By Zachary Pincus-Roth
23 Mar 2007
|Photo by Aubrey Reuben|
Loquasto will receive the Robert L. B. Tobin Award for Lifetime Achievement in Theatrical Design, presented by Galati. Mackie will get the TDF/Irene Sharaff Lifetime Achievement Award, presented by Ebersole.
The costume designer Murell Horton will get the TDF/Irene Sharaff Young Master Award, presented by Michael Kahn. The puppet craftsman and costume designer Kermit Love will receive the TDF/Irene Sharaff Artisan Award, presented by Pamela Arciero.
Director-designer Rouben Ter-Arutunian will be named the winner of the TDF/Irene Sharaff Posthumous Award. The ceremony will include a showing of a documentary on the life and works of Ter-Artunian, produced by Suzy Benzinger.
Loquasto has designed the sets, costumes or both for over 50 Broadway productions. He has been nominated for 14 Tony Awards and has won three times, for The Cherry Orchard (1977, costumes), Café Crown (1989, sets) and Grand Hotel (1990, costumes). His recent Broadway credits include Movin' Out (sets), A Touch of the Poet (costumes and sets), Three Days of Rain (costumes and sets) and Shining City (sets).
Mackie, known mostly for designing costumes for television (winning nine Emmy Awards) has also designed costumes for many Broadway shows, including Moon over Buffalo, Putting It Together, Best Little Whorehouse Goes Public, Minnelli on Minnelli, Lorelei and On the Town. He received Oscar nominations for "Pennies from Heaven," "Lady Sings the Blues" and "Funny Lady." His television credits include "Once upon a Mattress" starring Carol Burnett and "Gypsy" starring Bette Midler.
Horton is best known for his costume designs at Washington, DC's Shakespeare Theatre, receiving three Helen Hayes Award nominations for his work there, for Camino Real, Hedda Gabler and Lorenzaccio. In 2005 Murell designed Lysistrata at the New York City Opera and the Houston Grand Opera. At Manhattan's Pearl Theatre Company, he has designed costumes for The Barber of Seville, The Guardsman, Cymbeline, The Chairs and Venice Preserv'd and both sets and costumes for Richard III, The Miser and The School for Scandal.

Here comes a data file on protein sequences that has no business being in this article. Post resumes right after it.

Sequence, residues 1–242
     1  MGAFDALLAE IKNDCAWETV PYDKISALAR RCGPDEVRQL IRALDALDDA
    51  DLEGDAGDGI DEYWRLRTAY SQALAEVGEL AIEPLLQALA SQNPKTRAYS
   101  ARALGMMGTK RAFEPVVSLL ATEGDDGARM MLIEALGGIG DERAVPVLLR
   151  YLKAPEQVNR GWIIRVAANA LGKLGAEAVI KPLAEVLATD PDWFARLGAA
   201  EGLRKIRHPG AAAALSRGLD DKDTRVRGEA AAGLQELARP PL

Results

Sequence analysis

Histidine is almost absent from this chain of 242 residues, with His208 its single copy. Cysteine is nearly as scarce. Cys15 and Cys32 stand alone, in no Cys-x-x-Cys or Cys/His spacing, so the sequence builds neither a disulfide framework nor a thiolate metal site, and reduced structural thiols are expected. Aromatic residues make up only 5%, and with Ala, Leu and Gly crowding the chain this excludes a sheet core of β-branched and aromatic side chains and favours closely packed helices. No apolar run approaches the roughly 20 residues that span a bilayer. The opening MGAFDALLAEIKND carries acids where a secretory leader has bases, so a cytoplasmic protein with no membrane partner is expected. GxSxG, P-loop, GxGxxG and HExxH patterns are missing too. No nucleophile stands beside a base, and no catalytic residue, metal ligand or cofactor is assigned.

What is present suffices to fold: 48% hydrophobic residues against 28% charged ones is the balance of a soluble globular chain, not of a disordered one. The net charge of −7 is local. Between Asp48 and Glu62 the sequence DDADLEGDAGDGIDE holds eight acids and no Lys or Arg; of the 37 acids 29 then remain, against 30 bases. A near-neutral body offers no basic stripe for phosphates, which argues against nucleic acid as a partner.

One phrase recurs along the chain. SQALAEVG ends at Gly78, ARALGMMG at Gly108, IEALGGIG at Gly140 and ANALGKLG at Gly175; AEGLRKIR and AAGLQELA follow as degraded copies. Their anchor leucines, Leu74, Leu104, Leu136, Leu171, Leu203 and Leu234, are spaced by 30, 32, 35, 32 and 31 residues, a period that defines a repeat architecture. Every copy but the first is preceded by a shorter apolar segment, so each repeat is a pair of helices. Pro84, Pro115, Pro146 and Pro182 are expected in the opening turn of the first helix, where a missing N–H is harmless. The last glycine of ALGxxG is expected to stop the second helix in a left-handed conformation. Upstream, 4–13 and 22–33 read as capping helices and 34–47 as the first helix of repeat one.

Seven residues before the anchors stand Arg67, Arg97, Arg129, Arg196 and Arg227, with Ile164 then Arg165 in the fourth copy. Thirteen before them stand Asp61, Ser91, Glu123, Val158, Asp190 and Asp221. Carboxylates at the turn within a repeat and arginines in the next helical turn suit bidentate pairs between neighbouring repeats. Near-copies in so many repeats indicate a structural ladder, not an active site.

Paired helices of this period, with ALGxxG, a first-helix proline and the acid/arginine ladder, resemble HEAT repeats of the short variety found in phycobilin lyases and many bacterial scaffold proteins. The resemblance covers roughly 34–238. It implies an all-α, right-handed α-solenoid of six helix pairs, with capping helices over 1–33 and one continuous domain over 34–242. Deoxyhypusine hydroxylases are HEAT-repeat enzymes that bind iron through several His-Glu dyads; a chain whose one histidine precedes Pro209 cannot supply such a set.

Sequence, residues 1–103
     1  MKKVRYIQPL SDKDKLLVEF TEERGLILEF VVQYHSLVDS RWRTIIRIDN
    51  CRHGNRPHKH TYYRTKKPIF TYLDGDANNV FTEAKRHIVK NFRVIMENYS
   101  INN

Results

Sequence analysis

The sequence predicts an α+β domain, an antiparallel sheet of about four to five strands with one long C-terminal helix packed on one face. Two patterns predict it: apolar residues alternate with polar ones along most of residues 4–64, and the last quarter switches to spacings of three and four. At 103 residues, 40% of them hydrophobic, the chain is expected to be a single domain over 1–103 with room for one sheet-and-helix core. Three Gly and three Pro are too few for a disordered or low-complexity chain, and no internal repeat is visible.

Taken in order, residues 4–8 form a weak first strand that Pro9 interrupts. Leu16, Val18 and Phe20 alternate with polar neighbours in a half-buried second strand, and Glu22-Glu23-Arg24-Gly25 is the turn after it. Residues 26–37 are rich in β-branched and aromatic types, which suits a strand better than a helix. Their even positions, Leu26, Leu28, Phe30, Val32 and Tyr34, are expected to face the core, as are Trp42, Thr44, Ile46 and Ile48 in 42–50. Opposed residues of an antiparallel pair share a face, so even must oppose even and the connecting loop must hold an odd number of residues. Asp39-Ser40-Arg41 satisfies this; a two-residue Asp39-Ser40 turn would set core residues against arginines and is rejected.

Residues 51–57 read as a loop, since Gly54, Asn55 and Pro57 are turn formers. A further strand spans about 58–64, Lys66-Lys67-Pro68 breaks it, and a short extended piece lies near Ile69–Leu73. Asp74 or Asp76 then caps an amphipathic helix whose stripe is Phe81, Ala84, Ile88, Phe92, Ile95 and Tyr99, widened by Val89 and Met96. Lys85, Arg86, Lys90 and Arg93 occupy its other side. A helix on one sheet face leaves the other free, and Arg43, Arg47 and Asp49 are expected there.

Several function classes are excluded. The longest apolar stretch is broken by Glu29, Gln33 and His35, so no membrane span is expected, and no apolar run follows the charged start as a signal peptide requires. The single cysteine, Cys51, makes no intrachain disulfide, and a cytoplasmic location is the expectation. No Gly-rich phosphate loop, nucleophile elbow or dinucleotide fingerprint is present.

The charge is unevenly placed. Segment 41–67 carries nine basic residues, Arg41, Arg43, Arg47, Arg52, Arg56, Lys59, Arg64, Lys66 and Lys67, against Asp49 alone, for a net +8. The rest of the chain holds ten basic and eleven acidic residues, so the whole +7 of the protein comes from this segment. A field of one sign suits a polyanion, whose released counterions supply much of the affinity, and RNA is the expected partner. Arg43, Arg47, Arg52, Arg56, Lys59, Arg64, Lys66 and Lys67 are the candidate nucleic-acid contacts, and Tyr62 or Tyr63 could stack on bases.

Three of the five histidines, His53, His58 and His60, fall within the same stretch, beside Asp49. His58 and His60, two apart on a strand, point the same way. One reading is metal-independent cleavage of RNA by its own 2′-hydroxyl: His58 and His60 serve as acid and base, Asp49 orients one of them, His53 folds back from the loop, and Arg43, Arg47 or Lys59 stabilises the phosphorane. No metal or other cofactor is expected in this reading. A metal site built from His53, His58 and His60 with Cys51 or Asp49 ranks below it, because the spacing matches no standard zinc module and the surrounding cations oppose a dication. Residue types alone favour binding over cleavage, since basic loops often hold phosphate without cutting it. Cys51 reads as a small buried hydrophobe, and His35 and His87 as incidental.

Love is known for his work with the Muppets, building much of the character of Big Bird and building Mr. Snuffleupagus. He also created the Snuggle fabric softener teddy bear and the characters for the television series "The Great Space Coaster" in the 1980s. He designed costumes for several Broadway shows in the 1930s and 1940s and has done a lot of work for dance shows.
Ter-Arutunian's Broadway credits include New Girl in Town, Donnybrook! (sets), The Milk Train Doesn't Stop Here Anymore (costumes and sets). He won a Tony Award for Best Costume Design for Redhead and was nominated for Advise and Consent (sets), A Passage to India (sets), Arturo Ui (costumes) and Goodtime Charley (sets). He died in 1992.
The selection committee included Gregg Barnes, Suzy Benzinger, Linda Fisher, Lana Fritz, Rodney Gordon, Desmond Heeley, Holly Hynes, Willa Kim, Carolyn Kostopoulous, Kitty Leech, David Murin, Sally Ann Parsons, Robert Perdziola, Carrie Robbins, Eduardo Sicangco, Scott Traugott, Jose Varona, Tony Walton, Patrick Wiley and David Zinn.
Irene Sharaff was a revered costume designer and was the first winner of the TDF/Irene Sharaff Lifetime Achievement Award in 1993.
Mackie joins the list of other previous winners of that prize: Desmond Heeley (1994), Miles White (1996), Alvin Colt (1996), Patricia Zipprodt (1997), Jane Greenwood (1998), Willa Kim (1999), Ann Roth (2000), Freddy Wittop (2001), Theoni V. Aldredge (2002), Jose Varona (2003), Anthony Powell (2004), Florence Klotz (2005) and Lester Polakov (2006).
Loquasto joins the previous Tobin Award winners Tony Walton (2004), Robert O'Hearn (2005) and Franco Zeffirelli (2006).
The Tobin Theatre Arts Fund is underwriting this year's awards ceremony.
For more information visit www.tdf.org.